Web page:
June 29, 2006
U.S. Army Corps of Engineers Breaks Ground on Lake Okeechobee Aquifer Storage and Recovery Pilot Project
Jacksonville, Fla. – The U.S. Army Corps of Engineers, Jacksonville District and the South Florida Water Management District (SFWMD) hosted a ceremony today as ground was broken to begin the Lake Okeechobee Aquifer Storage and Recovery (ASR) pilot, a Comprehensive Everglades Restoration Plan (CERP) project.
“Today’s celebration marks a significant milestone along our journey to help restore the Everglades,” said Dennis Duke, the Corps’ Chief, Restoration Program Division and program manager for ecosystem restoration. “This pilot project is vital in determining the feasibility of using this technology to achieve successful ecosystem restoration.”
Peter Kwiatkowski, Director, Resource Evaluation and Subregional Modeling Division for SFWMD said that he is looking forward to construction of the project and the information it will provide for future decision-making. He stated that the National Academy of Sciences had reviewed the scope of work for the ASR regional study and the pilot project, and had not only accepted but applauded the efforts it represented.
ASR will store large quantities of fresh water, up to five million gallons per day, where it can be treated to meet federal and state water standards, and later used to meet ecological and other water resource needs. The pilot phase will be constructed at two locations adjacent to Lake Okeechobee – along the Kissimmee River, near its outlet to Lake Okeechobee in Okeechobee County, and by the St. Lucie canal near the Port Mayaca lock in Martin County. It will be completed over a six year period and will cost an estimated $19 million.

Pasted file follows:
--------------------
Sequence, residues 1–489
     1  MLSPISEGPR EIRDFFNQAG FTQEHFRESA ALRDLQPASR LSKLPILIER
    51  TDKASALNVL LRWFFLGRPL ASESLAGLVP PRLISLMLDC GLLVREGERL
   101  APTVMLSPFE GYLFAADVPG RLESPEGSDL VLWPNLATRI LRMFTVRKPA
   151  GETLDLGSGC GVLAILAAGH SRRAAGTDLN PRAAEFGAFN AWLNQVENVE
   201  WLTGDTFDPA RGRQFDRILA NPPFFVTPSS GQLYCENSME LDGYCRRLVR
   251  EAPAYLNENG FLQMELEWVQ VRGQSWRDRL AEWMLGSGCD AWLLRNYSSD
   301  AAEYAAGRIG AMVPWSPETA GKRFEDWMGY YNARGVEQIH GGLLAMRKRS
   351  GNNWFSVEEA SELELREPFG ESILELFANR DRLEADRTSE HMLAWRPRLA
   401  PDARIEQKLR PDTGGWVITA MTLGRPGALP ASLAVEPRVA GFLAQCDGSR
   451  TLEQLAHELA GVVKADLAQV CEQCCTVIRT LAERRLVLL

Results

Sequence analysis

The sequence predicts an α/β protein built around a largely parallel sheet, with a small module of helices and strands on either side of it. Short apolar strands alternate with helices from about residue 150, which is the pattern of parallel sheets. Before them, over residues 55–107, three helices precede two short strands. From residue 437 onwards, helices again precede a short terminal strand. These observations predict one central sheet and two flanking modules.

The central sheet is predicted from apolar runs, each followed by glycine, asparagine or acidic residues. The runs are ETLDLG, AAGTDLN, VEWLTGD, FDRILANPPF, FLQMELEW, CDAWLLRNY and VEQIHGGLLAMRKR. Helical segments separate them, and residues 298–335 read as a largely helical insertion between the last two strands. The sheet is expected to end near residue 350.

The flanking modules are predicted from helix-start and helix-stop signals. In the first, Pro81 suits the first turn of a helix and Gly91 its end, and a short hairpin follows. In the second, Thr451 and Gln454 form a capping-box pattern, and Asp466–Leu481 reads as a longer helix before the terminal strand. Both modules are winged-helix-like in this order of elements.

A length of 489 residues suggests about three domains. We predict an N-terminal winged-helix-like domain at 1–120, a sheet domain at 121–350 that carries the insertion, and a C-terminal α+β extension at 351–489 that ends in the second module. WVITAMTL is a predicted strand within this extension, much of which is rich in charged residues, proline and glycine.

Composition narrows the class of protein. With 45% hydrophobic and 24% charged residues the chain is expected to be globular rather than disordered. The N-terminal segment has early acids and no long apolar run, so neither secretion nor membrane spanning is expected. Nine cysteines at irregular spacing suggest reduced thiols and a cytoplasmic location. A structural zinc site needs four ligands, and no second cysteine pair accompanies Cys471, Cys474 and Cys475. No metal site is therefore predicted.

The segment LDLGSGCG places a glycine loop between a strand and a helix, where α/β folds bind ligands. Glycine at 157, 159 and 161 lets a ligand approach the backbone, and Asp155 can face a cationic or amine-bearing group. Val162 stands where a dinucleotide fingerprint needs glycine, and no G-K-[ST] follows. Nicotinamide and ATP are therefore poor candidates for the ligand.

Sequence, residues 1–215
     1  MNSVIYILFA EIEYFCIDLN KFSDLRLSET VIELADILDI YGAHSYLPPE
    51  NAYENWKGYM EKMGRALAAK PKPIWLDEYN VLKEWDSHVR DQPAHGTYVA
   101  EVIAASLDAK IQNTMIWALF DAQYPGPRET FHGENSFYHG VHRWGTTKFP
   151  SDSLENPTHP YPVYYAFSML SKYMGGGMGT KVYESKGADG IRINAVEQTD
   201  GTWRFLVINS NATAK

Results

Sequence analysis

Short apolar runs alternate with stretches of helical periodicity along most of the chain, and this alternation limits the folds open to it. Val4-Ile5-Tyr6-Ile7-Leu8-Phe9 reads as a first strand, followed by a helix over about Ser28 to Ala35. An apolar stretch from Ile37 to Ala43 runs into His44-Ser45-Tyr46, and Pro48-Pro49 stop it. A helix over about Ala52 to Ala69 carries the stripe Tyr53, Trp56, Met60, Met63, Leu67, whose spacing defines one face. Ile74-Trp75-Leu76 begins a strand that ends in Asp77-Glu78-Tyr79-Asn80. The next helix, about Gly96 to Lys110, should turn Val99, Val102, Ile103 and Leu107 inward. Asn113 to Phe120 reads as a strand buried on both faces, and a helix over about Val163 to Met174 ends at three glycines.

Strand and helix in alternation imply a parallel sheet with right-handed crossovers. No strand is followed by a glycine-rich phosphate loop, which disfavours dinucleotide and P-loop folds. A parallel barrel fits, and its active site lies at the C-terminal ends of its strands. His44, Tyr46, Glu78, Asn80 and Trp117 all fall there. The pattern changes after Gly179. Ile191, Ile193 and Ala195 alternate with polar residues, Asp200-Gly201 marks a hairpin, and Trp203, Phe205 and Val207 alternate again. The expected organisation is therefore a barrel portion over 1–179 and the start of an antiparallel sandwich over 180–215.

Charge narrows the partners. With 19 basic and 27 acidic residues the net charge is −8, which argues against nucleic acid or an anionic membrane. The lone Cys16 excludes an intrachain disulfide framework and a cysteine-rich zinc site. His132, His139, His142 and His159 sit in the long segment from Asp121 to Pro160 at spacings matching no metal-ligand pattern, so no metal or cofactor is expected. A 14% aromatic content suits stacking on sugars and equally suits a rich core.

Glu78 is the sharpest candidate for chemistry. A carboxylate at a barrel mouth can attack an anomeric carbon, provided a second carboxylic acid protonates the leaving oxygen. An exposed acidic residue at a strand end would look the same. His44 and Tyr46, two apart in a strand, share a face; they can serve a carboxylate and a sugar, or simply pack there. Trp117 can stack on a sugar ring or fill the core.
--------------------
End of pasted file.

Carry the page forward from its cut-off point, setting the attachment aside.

ASR technology has been used in Florida since the early 1980s, to maintain adequate supplies of drinking water. CERP proposes to use up to 333 ASR wells to store at total of as much as 1.6 billion gallons of fresh water per day to ensure water for the Everglades, to improve conditions in Lake Okeechobee and to prevent damaging releases of fresh water to coastal estuaries. Water that is pumped into the aquifer displaces the slightly salty aquifer water, and the stored water is recovered via pumping for later beneficial use. The pilot project is necessary to identify the optimum configuration for the storage wells and will help to determine water quantity and quality characteristics.
“There are only so many options,” said Duke. “We’re doing everything we can in the short term and planning even more for the long term to save Lake Okeechobee because we know it’s the heart of the Everglades ecosystem.”
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